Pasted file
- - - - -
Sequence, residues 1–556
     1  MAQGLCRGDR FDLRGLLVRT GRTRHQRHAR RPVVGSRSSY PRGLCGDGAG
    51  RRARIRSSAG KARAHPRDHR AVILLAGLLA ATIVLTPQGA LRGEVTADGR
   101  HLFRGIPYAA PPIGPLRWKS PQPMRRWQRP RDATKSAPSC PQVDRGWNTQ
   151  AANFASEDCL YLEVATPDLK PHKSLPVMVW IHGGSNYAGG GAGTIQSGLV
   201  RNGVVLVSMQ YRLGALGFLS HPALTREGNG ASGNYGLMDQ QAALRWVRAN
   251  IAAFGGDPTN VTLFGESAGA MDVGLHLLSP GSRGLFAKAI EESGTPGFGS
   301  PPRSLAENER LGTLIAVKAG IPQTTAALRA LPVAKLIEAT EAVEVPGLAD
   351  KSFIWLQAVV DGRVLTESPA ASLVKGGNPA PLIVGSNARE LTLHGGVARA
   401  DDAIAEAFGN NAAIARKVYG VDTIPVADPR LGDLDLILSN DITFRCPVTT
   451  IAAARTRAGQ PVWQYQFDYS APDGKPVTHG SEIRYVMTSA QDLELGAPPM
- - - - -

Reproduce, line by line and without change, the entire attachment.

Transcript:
Sequence, residues 1–556
     1  MAQGLCRGDR FDLRGLLVRT GRTRHQRHAR RPVVGSRSSY PRGLCGDGAG
    51  RRARIRSSAG KARAHPRDHR AVILLAGLLA ATIVLTPQGA LRGEVTADGR
   101  HLFRGIPYAA PPIGPLRWKS PQPMRRWQRP RDATKSAPSC PQVDRGWNTQ
   151  AANFASEDCL YLEVATPDLK PHKSLPVMVW IHGGSNYAGG GAGTIQSGLV
   201  RNGVVLVSMQ YRLGALGFLS HPALTREGNG ASGNYGLMDQ QAALRWVRAN
   251  IAAFGGDPTN VTLFGESAGA MDVGLHLLSP GSRGLFAKAI EESGTPGFGS
   301  PPRSLAENER LGTLIAVKAG IPQTTAALRA LPVAKLIEAT EAVEVPGLAD
   351  KSFIWLQAVV DGRVLTESPA ASLVKGGNPA PLIVGSNARE LTLHGGVARA
   401  DDAIAEAFGN NAAIARKVYG VDTIPVADPR LGDLDLILSN DITFRCPVTT
   451  IAAARTRAGQ PVWQYQFDYS APDGKPVTHG SEIRYVMTSA QDLELGAPPM